A WSU Spokane grad is doing research aboard a U.S. Navy guided-missile destroyer in the Arabian Sea to help figure out better sailor watch schedules.
According to WSU News, Lauren Waggoner boarded the USS Jason Dunham in December to study the effects of different watch-standing schedules on the sleep and performance of sailors. She is analyzing the data collected.
Her goal is to find ways to keep sailors healthy and safe in a demanding 24-hour-a-day work environment where they are required to stand watches in addition to fulfilling their normal work responsibilities.
"Often times, on bigger vessels—and even the mid-size destroyer we were on—sailors don’t get adequate sleep. They also don’t get outside much, so they don’t get much exposure to environmental factors that would help them regulate their sleep and wake cycles,” Waggoner said. "Based on earlier research, we can assume that, in combination with other factors, this can lead to performance deficits.”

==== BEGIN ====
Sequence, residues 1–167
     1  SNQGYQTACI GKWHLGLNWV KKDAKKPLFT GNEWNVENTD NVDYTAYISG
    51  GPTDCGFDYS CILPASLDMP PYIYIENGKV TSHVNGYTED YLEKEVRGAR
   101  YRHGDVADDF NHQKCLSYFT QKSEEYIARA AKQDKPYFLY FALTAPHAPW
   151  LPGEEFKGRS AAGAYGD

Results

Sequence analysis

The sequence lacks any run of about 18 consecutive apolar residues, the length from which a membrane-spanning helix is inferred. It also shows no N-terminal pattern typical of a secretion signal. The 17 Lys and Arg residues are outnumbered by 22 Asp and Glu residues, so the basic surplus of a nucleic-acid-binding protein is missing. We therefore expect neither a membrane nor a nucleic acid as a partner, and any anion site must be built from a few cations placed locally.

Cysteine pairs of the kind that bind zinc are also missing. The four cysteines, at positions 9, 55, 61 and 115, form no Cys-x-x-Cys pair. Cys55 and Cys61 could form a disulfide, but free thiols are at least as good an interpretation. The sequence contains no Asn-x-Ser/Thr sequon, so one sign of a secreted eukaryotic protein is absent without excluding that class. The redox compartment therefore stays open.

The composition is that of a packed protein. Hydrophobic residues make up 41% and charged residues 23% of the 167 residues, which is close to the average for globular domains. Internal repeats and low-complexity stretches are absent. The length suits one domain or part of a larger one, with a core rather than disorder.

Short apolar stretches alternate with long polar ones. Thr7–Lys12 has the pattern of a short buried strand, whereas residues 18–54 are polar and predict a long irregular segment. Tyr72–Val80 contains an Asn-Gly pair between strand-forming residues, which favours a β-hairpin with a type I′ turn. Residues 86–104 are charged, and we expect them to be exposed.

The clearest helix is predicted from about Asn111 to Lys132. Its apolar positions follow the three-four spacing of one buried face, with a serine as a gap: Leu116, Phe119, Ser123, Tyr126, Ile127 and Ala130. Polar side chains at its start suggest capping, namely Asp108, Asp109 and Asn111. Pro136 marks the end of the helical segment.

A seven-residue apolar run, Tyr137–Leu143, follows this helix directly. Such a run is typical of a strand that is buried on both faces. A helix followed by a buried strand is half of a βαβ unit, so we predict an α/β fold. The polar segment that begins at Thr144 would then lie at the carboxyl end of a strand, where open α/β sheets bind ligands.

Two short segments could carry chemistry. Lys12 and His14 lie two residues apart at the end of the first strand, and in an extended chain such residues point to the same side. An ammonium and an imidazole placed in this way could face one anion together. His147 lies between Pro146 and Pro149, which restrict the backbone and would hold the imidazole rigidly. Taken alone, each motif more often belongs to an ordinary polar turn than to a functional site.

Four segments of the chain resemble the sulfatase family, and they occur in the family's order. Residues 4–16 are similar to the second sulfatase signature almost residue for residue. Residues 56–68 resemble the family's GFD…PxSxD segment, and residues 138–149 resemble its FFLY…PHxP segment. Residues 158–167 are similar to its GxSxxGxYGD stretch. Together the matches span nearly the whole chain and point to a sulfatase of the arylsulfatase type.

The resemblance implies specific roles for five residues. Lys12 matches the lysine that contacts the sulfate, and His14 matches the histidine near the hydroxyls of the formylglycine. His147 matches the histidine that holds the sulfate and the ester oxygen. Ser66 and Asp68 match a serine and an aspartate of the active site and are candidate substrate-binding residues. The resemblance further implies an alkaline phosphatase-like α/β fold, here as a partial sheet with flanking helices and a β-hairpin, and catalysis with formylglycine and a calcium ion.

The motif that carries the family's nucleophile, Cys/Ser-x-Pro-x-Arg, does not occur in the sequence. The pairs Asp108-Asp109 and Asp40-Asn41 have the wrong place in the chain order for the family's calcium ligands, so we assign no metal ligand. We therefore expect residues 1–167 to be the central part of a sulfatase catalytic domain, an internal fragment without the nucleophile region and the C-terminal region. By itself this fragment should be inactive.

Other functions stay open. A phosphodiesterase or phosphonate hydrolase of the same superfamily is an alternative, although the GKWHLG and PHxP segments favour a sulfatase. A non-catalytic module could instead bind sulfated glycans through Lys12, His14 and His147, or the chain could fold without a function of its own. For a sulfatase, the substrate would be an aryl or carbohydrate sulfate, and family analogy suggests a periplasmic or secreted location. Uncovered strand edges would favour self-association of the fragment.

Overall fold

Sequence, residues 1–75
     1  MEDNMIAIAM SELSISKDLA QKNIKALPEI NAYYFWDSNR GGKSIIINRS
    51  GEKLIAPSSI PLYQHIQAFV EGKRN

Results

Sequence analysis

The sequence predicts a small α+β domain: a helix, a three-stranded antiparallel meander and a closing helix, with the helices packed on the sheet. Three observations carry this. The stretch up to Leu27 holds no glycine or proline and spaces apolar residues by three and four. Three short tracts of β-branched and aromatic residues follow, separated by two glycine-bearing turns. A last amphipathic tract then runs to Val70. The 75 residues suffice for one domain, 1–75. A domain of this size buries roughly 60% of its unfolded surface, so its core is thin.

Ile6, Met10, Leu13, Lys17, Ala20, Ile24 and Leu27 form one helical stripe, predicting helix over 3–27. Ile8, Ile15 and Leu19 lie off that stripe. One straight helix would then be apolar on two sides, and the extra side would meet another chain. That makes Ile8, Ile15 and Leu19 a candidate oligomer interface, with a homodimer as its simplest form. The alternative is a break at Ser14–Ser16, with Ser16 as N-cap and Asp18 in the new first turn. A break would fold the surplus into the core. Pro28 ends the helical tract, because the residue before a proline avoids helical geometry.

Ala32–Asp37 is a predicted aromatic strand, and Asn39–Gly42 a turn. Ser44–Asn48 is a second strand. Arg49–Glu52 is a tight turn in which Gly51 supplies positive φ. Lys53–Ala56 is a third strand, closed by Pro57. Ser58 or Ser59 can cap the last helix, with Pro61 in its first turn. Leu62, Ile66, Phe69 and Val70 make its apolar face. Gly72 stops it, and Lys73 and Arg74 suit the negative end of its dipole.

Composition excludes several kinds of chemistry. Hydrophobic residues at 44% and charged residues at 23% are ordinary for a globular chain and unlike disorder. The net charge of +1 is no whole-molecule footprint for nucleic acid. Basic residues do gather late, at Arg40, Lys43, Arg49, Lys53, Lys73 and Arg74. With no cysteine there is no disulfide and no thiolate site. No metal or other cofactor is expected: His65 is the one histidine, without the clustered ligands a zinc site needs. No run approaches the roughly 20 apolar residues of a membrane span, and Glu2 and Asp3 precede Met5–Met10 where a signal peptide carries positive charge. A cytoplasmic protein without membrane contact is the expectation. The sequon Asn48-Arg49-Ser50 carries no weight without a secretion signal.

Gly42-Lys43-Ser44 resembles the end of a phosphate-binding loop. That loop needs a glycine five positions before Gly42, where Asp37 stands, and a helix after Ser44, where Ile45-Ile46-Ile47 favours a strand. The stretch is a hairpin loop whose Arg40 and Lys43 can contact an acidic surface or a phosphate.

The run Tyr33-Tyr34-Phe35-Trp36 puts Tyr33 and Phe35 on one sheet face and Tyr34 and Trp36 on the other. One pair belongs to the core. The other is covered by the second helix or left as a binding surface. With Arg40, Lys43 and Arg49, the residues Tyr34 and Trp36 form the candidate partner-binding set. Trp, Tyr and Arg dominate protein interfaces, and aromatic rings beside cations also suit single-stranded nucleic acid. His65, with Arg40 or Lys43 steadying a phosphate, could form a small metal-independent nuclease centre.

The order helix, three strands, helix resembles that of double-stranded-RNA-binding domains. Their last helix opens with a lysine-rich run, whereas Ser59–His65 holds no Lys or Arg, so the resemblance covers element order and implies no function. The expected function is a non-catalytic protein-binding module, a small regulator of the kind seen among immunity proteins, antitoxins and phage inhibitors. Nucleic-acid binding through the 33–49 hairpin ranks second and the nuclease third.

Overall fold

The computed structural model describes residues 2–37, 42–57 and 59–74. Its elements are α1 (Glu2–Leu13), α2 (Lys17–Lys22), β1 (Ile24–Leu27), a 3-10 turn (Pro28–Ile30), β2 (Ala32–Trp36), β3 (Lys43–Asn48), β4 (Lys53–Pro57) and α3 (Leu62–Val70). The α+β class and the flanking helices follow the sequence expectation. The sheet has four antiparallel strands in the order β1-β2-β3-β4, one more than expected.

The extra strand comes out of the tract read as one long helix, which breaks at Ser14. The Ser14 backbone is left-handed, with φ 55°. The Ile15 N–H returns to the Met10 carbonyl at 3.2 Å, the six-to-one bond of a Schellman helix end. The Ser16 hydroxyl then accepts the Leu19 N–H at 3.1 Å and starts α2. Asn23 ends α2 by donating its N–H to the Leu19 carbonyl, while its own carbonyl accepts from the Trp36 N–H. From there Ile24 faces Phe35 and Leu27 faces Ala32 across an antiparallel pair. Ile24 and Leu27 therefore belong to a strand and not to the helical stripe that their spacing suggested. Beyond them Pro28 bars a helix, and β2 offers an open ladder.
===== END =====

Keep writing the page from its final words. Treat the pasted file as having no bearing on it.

Waggoner has collected data for three weeks on the sleep and performance of 122 sailors working a variety of watch schedules.